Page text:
Monday, 29 June 2015

Year after building collapse in Moulivakkam, scars remain to haunt city

A partially constructed 11-storey building, certified as unsafe, stands testimony to one of the worst building tragedy the city has witnessed a year ago with the loss of more than 60 lives.

On June 28, 2014, a multi-storey building under construction on Kundrathur Main Road collapsed after a downpour. “It was a black Saturday, one that all of us want to forget,” says a resident of Rajarajan Nagar in Moulivakkam.

A year has passed since the tragedy happened but the scars still remain even as Chennai Metropolitan Development Authority (CMDA) is trying to amend development regulations and ensure that such incidents don’t recur.

According to CREDAI’s national chairman for Best Practices T Chitty Babu, the incident was a wake-up call for developers as well as authorities. “It resulted in responsibilities being fixed on every individual be it builder, developer, buyer or regulator. The whole system got tightened,” he said.

Exactly a year later, the flat owners stand helpless and exhausted. It has been a tough year for these middle-class Chennaiites, one that they spent paying hefty sums for a dead investment. It also brought the retirement savings and salaries of many to a pile of rubble.

The incident left 61 construction workers from Tamil Nadu, Andhra Pradesh and Odisha dead. A total of 27 workers were rescued after week-long operations by various agencies including National Disaster Response Force from Arakkonam.

Journalists who rushed to Ground Zero at Moulivakkam on the day of collapse, were struck with utter disbelief. “When I first received the news alert around 4:30 pm, I thought that it was a fatal accident due to wall collapse. Even the Fire Services Department didn’t know the magnitude of the tragedy that had struck,” recounted J Santosh. After confirming the incident, Santosh rushed to the spot from the Vepery office, braving the heavy rain and traffic jam.

At the other end of the city, photojournalist Albin Mathew, one of the first mediapersons to reach the spot, said that the front entrance to the building complex was cordoned off as there were rumours that the second building had tilted and might collapse. “When I reached there around 6:30 pm, there were only policemen at the site, trying to rescue the workers stuck under the rubble. They were joined by a few other contract labourers, who were not skilled for this. The rescue operations became organised only after the NDRF men reached at 9:30 pm with their specialised equipment,” recounted Albin.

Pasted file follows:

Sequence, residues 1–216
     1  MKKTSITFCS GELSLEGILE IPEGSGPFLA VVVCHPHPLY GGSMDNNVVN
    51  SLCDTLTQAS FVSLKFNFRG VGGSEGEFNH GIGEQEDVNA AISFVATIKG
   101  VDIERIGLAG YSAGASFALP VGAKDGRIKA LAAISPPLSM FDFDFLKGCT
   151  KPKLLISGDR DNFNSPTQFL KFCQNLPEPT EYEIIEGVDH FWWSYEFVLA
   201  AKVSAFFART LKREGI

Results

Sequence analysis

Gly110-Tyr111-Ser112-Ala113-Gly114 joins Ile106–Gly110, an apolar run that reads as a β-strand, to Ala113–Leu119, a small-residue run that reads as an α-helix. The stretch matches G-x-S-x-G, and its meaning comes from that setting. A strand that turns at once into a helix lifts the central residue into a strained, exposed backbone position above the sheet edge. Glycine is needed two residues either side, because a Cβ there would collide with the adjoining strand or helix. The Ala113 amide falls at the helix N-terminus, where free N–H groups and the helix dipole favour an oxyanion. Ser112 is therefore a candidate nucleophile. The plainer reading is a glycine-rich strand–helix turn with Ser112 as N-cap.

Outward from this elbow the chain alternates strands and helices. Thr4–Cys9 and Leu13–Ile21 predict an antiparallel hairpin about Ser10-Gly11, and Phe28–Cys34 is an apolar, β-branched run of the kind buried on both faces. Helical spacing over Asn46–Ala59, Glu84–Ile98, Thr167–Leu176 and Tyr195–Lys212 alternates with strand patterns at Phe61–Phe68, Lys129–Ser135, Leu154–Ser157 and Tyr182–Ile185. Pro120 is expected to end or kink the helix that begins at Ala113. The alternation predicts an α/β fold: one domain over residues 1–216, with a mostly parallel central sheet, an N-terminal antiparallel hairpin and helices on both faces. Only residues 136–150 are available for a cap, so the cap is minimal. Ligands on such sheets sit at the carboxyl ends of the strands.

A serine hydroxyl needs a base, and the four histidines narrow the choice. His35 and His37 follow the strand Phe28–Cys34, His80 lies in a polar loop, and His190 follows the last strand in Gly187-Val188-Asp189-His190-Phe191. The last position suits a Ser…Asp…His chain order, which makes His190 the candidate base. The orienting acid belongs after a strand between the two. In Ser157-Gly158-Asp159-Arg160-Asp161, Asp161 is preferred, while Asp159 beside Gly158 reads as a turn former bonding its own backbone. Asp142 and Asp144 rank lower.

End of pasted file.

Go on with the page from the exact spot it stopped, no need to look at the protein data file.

Relatives of those trapped under the rubble were shocked and in grief. Many of them hailed from Odisha and Andhra Pradesh, and the language barrier complicated the problem, added Santosh.

There were persons alive under the rubble, making themselves heard through a tiny opening. Santosh watched as the Tamil Nadu Fire and Rescue Services officers communicated with those under the rubble, passing a bottle of water first and later breaking the concrete pieces one-by-one to pull them out. “Every time someone alive was pulled out, there was a collective loud cheer by those watching. It boosted the morale of those engaged in rescue operations,” recalled Santosh, who had perched himself on the terrace of another house to get a bird’s eye view of the rescue operations.

A number of bodies pulled out from the rubble, were shifted to the Sri Ramachandra Medical College (SRMC) in Porur. Martin Louis, a photojournalist assigned to cover a function in IIT-Madras, recalled missing a number of calls as his phone was inside his bag due to the rains. “When we came to know, we rushed to SRMC. There was some confusion there as another accident had taken place on the highway and bodies were coming from there as well. For a while, nobody understood if the injured and dead were from Moulivakkam or the highway accident,” Martin said. He was accompanied by reporter Pradeep Kumar, who said, “The mood at the hospital was one of high anxiety and tension. Everytime an ambulance came in, relatives of the labourers would rush to check if it was their kin, and if he or she was alive or dead.”

Monday 29 June 2015


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